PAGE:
This section of the course looks more interesting to me and I will follow the course notes for this project.
Some initial ideas:
- I could produce panels like those on F.E. McWilliam to then construct into a large sculpture?
- Map panels?
- Could I do one of my residency drawings in this way?
- Cast in something light and make up a picture / door covering?
- Could cast a head in sections and texture the surface with bas-relief?
- Try brushing in graphite and rubbing off on surface?
- Try blowtorching the clay surface to make it crack first?
The course notes suggest looking at two sculptors in this section, Eduardo Paolozzi and Henri Matisse.
Eduardo Paolozzi (1924-2005)
‘Japanese War God, 1958’
This is a sculpture I think is hard to appreciate from a small picture in a book. On initial viewing it looks to be very cluttered with lots and lots of information, and not a very aesthetic form. Investigating further, this is a large sculpture at 1.5m tall, so viewing it as a 10cm picture is going to be difficult. Even so, I think this has far too much information in it to be viewed at a distance (as I am effectively doing).
I’m sure some of the forms in this sculpture might provide inspiration, but not at the scale I am viewing it at.
‘Hermaphroditic Idol, no.1, 1962’ and ‘The City of the Circle and the Square, 1963’
These are very different sculptures, the forms are much simpler, make more use of repetition, and are mostly symmetrical.
The first of these reminds me of a gaudy fairground machine, which doesn’t do anything for me.
The second looks like a mishmash of a piano/building on a machine base. It makes me wonder what it is supposed to represent (no idea really!), but doesn’t appeal to me aesthetically.
I think they are both too blocky, regular and almost plastic – the kind of look you’d get on a cheap, mass produced plastic toy – part of that could be viewing large sculptures at a very small size, but that is the impression I get.
Henri Matisse (1869-1954)
‘The Back 1-1V, 1909-1929’
These are interesting in showing the process of abstraction, and that Matisse is returning to a sculpture that inspires him again and again, over 20 years in this case. It shows that if an idea grabs you, you should keep working on it until you perfect it – probably something which you never achieve! These look like they are carved bas-reliefs, so not produced in the same way as will be done in this project.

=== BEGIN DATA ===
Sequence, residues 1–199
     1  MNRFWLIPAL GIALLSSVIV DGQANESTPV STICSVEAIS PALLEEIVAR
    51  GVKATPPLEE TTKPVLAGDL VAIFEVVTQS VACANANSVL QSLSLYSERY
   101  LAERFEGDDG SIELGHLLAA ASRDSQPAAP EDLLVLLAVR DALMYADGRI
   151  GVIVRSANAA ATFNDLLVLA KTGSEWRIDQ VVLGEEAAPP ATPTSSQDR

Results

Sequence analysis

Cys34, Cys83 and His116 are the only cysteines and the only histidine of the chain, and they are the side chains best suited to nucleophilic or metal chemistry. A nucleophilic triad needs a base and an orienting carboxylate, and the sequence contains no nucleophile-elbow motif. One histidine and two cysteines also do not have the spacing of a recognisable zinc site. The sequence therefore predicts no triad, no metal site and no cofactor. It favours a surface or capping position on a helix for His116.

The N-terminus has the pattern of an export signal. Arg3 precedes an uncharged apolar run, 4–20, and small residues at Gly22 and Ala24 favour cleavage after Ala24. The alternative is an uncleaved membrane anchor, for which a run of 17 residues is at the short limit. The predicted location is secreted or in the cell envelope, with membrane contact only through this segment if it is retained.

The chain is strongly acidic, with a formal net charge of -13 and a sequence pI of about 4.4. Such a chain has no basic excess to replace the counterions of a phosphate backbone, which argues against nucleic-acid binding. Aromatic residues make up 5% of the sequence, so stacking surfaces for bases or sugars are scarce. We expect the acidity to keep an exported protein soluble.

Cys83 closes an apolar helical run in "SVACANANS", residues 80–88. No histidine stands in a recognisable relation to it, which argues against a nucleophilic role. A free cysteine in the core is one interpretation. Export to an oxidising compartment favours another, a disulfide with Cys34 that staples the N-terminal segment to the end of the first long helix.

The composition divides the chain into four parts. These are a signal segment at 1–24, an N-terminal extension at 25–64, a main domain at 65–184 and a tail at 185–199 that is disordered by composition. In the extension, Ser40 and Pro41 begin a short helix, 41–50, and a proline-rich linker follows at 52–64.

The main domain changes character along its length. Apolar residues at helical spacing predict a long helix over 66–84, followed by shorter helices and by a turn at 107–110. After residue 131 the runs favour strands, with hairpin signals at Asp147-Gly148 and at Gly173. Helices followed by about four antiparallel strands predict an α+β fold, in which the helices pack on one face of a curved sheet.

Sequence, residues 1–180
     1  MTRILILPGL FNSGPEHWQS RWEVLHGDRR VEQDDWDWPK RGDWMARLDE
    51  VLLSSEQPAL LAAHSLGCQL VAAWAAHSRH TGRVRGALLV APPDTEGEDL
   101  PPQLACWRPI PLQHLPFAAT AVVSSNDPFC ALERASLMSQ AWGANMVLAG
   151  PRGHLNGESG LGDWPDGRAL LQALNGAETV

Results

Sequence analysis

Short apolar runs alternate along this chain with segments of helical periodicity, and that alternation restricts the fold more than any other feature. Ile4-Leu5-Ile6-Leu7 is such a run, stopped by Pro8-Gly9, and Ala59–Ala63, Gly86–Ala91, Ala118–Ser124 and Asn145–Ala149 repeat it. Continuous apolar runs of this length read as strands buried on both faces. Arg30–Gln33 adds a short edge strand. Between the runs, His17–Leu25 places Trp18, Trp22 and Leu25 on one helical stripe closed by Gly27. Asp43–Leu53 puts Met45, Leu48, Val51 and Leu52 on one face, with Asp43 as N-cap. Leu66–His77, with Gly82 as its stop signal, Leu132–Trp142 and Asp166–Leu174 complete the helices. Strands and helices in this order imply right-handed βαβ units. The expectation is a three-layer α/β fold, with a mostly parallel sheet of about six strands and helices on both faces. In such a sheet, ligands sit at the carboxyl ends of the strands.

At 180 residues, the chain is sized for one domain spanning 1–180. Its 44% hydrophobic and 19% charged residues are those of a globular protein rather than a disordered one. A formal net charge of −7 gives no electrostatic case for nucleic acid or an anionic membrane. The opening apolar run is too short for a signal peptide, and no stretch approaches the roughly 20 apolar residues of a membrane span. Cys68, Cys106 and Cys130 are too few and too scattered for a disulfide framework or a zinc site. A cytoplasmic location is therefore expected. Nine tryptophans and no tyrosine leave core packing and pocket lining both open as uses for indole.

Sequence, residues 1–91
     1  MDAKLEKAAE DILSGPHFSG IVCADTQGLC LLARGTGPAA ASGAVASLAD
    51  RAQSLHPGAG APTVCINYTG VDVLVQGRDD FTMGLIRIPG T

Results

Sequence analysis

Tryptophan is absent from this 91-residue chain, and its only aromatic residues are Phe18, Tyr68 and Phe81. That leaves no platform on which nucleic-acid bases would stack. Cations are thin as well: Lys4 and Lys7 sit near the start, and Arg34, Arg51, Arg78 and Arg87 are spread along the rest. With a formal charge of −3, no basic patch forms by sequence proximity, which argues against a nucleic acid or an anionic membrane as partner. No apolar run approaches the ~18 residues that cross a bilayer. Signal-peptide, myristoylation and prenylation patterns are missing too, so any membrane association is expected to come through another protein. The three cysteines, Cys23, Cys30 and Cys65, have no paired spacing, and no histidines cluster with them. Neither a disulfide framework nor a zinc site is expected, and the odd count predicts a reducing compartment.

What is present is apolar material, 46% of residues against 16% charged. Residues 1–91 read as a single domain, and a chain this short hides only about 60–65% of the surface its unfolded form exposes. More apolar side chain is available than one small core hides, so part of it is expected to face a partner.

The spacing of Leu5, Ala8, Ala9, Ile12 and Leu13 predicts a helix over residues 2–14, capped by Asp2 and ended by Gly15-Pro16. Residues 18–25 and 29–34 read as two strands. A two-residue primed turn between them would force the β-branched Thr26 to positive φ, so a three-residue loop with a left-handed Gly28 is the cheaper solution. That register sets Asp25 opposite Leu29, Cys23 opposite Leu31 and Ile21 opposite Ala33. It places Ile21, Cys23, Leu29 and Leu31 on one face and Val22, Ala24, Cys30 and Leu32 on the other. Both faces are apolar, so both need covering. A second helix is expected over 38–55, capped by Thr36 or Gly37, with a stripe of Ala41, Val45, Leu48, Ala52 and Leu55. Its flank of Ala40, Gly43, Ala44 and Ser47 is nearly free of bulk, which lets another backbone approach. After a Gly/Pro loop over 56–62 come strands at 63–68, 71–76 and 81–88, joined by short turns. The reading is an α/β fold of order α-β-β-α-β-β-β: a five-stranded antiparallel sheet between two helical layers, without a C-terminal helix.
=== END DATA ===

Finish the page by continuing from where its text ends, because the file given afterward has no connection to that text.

Julius Schmidt (1923 – present)
‘Cast Iron, 1961’
This wasn’t a suggested bas-relief to look at, but it looks like it could have been produced in this way? This is full of information like the first Paolozzi, but doesn’t look as cluttered in the same way. Perhaps this is because even at the scale of the picture, you can tell that there are lots of interesting things to look at, a cityscape on a war machine base reminiscent of a star-wars walker (maybe this is where the inspiration for them came from?).
Having looked into Julius Schmidt more closely, it looks like these were probably formed using core-sand casting – something which looks like an interesting process. I guess they could be done in bas-relief though.
Read, H. (1964). A concise history of modern sculpture. London: Thames and Hudson.
Julius Schmidt. (n.d.). 1st ed. [ebook] Available at: http://www.dennosmuseum.org/education/docent/Forms/Julius Schmidt.pdf [Accessed 25 Jun. 2015].
I started out with a test tile as suggested, pressing in various tools / cogs / etc.
I really liked the effect of some of these marks. The ones which particularly worked well were the tools, the fingers (particularly when wearing a rubber glove) and the tree branches.
I decided in the end to go with the tree branches and construct a 6 panel box out of them. The thinking behind this being the trapping/compressing of irregular natural objects into a fixed regular container – representing mans need to control nature.
I cast 6 panels, then cut the edges at a 45 degree angle before fixing them together with glue and filling in any gaps.
As a finish, I painted it with gesso to give a white finish.
I also tried adding charcoal (I was hoping to get finger marks with this, but it didn’t work out that way).
38 x 45 x 40cm
Plaster, acrylic paint, charcoal